According to researchers at the Harvard School of Public Health, men who eat fish at least five times a week could cut their risk of colorectal cancer by up to 40 percent, compared to men who eat fish less than once a week.
The study, of more than 22,000 was originally designed to investigate the effect of aspirin and beta carotene on the development of cancer and cardiovascular disease.
After a follow up period of over 19 years, researchers examined food frequency questionnaires and discovered fish consumption to be associated with a protective effect against colorectal cancer. Overall, researchers found that five or more serving of fish per week was associated with a 40 percent reduction in colorectal cancer risk. Men who consumed it 2-5 times per week experienced a 20 percent lower risk, while those who ate fish less than twice a week had a 13 percent lower risk.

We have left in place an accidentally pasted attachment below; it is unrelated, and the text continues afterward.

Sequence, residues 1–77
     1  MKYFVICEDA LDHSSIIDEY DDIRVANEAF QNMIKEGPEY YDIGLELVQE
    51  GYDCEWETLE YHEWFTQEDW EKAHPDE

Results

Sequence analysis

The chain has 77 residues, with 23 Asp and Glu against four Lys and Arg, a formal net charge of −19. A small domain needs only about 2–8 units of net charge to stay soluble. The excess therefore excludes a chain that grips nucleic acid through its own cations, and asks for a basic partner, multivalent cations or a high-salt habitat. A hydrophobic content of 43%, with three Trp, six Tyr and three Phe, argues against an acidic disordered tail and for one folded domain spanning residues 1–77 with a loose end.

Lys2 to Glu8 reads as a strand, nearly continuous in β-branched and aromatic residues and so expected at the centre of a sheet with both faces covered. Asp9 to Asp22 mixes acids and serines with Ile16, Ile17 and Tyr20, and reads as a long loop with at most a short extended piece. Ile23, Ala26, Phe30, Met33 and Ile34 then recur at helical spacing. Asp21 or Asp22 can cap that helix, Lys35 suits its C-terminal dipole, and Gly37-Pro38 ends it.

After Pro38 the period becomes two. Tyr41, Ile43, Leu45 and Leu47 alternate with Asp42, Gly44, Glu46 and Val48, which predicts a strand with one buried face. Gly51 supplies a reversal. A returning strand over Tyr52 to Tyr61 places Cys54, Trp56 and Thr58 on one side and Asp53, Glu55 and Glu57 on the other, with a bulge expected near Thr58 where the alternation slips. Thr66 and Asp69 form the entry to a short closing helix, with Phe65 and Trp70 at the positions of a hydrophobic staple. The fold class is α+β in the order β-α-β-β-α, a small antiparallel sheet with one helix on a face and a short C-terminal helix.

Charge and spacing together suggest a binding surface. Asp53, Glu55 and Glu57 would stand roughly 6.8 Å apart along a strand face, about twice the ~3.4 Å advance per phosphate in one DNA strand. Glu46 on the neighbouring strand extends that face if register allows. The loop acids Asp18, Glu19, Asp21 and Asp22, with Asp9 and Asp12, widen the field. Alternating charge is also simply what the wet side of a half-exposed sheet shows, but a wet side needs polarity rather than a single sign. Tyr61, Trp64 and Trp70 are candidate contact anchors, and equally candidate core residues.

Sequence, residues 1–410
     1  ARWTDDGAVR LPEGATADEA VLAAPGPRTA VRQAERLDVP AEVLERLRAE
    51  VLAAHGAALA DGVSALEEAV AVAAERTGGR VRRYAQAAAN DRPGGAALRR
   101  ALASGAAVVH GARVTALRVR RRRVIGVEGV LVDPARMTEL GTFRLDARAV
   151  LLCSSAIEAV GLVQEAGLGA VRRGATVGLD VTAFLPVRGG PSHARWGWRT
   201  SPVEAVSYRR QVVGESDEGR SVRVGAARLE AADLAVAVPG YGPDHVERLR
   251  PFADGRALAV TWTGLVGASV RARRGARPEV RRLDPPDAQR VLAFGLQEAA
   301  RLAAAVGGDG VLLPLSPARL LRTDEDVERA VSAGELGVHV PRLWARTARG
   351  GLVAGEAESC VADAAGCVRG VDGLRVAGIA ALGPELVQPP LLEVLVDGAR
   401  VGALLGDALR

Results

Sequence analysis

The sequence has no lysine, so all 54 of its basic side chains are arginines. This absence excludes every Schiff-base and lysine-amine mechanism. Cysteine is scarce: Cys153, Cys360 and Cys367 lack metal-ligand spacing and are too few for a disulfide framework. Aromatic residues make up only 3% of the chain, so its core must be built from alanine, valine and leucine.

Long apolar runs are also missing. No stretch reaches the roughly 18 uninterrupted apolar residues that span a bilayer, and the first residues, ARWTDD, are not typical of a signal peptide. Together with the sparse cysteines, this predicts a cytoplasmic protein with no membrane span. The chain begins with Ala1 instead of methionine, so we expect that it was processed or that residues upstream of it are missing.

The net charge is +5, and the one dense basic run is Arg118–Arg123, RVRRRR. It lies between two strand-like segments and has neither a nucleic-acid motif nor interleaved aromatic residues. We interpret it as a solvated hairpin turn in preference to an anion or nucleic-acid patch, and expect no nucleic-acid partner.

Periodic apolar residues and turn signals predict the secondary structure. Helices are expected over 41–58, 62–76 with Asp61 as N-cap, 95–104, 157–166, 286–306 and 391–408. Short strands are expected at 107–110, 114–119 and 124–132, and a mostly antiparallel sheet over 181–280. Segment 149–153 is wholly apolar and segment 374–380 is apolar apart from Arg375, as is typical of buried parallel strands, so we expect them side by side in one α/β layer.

While the mechanism by which fish offers a protective effect was not studied, researchers suggest the omega-3 fatty acid content of the fish inhibits an enzyme that plays a role in an inflammatory response linked to cancer development.
These findings were presented at the American Association for Cancer Research’s Frontier in Cancer Prevention meeting in November 2006.
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